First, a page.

Thursday, 8 October 2015

National Poetry Day Pamphlet Offer

Today is the UK's annual National Poetry Day. This year's theme is light, so we've lightened our already light prices to create a special poetry day offer.

For 24 hours only, U.K. readers can buy a package of all three V. Press 2015 poetry pamphlets for £12.50 (including P&P in the U.K.) - a saving of more than £5 on our full price!

The paypal button for this special offer was below (removed after the 24 hours), followed by a sample poem from each pamphlet.

Happy National Poetry Day!


From CLAIRE WALKER'S THE GIRL WHO GREW INTO A CROCODILE

The Girl Who Grew Into a Crocodile

When she was young, they'd swim. Take off
sandals and frilled ankle socks and jump
into the river. She loved to feel the water pull
ribboned hair to float behind her.

The games started with smiles: splashing; testing
who could hold a breath longest. They never matched her.
She was born to lie in wait, to feel the kiss
of the current in her ears until her head turned light.

But children wish to win. The others turned
as green as the rushes lining their pool. They plotted, held her
down too long. The water swilled round her lungs and she coughed
her heartsong out with it.

That night, she lay awake under a sky that was turning
tides with its dust covered ball. She pulled the cold rock
down, seethed until scales replaced skin, found the biting point
of a new jaw and wished for the crunch of bone. 

Next time, she waited in the shallows, camouflaged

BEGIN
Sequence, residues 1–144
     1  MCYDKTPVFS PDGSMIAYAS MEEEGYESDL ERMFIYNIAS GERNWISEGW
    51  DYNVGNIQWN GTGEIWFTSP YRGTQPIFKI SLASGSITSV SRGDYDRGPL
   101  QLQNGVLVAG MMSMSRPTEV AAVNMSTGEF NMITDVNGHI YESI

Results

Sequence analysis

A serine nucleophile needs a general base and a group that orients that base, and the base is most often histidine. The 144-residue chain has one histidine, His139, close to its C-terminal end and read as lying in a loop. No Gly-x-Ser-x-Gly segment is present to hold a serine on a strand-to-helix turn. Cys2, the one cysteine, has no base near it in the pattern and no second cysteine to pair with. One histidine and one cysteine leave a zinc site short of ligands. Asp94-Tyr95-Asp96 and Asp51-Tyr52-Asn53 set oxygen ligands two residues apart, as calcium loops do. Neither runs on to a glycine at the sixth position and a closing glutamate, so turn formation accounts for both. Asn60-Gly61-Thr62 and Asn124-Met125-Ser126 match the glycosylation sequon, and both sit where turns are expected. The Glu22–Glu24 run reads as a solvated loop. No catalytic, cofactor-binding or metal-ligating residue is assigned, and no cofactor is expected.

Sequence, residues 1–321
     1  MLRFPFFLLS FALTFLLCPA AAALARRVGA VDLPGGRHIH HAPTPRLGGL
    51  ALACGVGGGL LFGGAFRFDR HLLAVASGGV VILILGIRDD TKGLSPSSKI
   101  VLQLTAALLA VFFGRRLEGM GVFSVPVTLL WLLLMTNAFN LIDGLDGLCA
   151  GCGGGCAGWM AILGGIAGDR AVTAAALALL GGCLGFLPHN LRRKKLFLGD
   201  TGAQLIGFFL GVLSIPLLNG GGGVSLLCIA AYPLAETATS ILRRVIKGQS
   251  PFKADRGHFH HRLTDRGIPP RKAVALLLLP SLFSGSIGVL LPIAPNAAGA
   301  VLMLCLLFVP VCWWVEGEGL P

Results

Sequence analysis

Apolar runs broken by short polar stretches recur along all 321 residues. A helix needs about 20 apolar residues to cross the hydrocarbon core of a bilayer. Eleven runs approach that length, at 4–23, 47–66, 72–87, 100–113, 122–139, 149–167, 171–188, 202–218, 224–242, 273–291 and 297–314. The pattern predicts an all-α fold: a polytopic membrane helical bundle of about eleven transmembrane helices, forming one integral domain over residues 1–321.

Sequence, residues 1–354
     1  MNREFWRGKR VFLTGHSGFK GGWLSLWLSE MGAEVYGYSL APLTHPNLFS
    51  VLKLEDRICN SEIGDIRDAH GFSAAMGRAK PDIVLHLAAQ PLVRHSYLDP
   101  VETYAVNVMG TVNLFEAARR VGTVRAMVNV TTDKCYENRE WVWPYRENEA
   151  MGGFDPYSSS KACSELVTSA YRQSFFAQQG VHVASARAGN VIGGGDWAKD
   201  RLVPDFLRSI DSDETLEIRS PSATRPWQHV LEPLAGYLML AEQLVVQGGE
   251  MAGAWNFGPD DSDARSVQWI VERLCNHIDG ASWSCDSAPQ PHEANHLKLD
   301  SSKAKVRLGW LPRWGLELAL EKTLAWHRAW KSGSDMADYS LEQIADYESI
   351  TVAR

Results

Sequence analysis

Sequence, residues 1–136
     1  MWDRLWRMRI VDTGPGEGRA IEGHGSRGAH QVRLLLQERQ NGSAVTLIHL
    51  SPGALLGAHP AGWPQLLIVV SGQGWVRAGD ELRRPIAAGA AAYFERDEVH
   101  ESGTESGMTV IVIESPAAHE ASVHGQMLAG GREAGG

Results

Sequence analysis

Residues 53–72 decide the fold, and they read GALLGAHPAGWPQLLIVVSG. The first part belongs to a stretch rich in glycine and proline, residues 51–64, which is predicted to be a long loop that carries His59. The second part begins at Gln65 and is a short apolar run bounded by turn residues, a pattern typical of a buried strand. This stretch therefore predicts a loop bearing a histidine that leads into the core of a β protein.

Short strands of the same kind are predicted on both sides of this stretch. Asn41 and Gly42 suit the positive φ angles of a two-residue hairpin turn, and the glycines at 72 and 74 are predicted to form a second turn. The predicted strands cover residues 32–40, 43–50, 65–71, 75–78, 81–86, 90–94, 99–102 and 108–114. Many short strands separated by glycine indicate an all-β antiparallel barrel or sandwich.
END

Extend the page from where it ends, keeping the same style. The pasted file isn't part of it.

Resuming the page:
in the rushes, cold blood immersed. Eyes broke
the surface, webbed feet treading water. The sun hit
her back and she felt her armour shine.

Then she made her move. Opened up
her huge grin. Felt never-ending enamel sink through flesh
as easily as arms stroke water. She snapped her jaws shut.
Swallowed the damage whole. 

Claire Walker

From DAVID O'HANLON'S ART BRUT

art brut

So, after my swirling black abyss, a work
still in progress, we turned to Sophies landscape:
a jazz-hands sun, the wide Vs, almost Ms
of birds, a green ribbon, edge to edge,

and, poking their heads up out from the grass
five earthworms, five pink splodges
more finger than worm, with blobbed eyes
and theres-no-bad-in-life smiles.

Are they supposed to represent real people
or a specific event, maybe?
Its a fascinating choice of subject matter.
Worms usually have quite negative associations,

particularly death, but yours are content,
blissful. Do you think maybe theres
something in that, a desire to make
positives from even the worst situations?

She didnt take it with her.
Like others left behind, it ended up
on the wall where, my sentimentality
assures me, it remains, unfaded.

David O'Hanlon
From art brut

From JACQUI ROWE'S RANSOM NOTES


PHLOGISTON

but light was not his field
dirtier in busy doors and tightly
woven doorways shades

of its refraction dimmed
and skimmed dishevelled ladies
his brain kept flaming

spills alive in bell jars birds
fell dead out of the sky his phantasy
revelled at length in patterns
of great earthquakes the certain

stars showed smiles
of loosened hair that wicked
away all terrible appearances

and unforeseen in time he went
for phlogiston and weeping said within
himself the first breath of a word

Jacqui Rowe
From Ransom Notes

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